A Seat at the Table
Impact on mental health
Early research has revealed that ⅓ one third of Americans are reporting experiencing mental health challenges caused by COVID-19. Individuals may not have experienced mental health issues prior to COVID-19 or COVID-19 has exacerbated their symptoms. This is incredibly significant as we have been facing COVID-19 since mid-March and that means the increase has been swift and large.
What might that mean for individuals who are experiencing those new or increased symptoms?
They may be lacking in appropriate coping mechanisms to manage these symptoms AND it could also mean that their current coping skills/strategies are no longer working. A recent study revealed that prescriptions for mental health medications filled per week jumped 21% between mid-February and mid-March. Anti-anxiety medication prescriptions increased 34%, anti-depressants 19% and insomnia aid medications by 15%. These numbers demonstrate that individuals may need more self-care strategies and tools to manage their mental health. Medication may be necessary on either a temporary basis or moving forward as part of their self-care routine, but we want to also be strengthening other aspects of coping and self-care.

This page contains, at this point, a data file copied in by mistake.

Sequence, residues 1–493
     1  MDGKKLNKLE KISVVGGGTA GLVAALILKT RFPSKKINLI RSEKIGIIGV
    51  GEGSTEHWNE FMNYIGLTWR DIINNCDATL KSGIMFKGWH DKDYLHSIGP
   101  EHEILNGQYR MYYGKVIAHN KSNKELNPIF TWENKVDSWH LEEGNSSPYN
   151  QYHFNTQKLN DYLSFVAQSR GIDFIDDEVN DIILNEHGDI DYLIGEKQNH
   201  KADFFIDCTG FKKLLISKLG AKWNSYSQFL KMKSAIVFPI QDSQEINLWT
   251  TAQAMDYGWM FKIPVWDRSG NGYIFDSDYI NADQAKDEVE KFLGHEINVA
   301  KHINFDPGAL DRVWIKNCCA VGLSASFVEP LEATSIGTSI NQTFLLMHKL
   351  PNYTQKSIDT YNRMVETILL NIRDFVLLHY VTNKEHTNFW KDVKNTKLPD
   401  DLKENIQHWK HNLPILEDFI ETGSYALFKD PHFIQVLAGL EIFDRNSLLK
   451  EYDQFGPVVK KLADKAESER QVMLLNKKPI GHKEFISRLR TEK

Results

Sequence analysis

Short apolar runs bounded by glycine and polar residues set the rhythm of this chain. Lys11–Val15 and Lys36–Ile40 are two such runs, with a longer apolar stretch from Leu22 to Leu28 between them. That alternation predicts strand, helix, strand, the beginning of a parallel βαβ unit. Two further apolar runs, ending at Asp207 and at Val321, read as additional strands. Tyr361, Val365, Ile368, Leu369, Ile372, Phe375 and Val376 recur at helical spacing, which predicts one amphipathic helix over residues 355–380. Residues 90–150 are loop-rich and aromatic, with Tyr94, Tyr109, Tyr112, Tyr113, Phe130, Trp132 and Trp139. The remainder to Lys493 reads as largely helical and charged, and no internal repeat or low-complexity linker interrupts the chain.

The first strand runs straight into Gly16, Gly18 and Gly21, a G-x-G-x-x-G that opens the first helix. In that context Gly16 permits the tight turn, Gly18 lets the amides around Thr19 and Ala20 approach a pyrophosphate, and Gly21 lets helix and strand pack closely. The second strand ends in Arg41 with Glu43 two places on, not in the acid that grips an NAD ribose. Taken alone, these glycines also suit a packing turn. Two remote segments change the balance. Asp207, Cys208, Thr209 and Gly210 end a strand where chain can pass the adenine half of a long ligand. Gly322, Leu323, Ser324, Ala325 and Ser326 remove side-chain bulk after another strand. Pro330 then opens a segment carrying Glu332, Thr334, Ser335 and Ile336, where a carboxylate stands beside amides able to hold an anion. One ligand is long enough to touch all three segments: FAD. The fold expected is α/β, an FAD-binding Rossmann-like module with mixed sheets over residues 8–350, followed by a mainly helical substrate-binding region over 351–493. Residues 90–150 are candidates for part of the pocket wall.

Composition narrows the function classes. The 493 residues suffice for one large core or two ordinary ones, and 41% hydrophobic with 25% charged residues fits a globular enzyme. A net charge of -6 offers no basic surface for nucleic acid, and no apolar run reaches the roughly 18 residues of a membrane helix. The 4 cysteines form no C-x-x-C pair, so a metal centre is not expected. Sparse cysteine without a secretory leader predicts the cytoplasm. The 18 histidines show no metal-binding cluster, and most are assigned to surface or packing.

Reduced Access for All
Unfortunately mental health services have been hard to access across our country for years. Specifically, access is reduced for those in minority and marginalized groups due to reduced services in certain areas and a very low provider base. Transportation, time and cost can be barriers to access for many. During COVID-19, access to mental health is even more difficult due to sheltering in place orders and fears surrounding the pandemic. Although mental health services are available via telehealth, this may not be available to all who need the services (lack of internet, computer) and may not be a comfortable option for those needing services (hard to humanly connect virtually).
Grief and COVID-19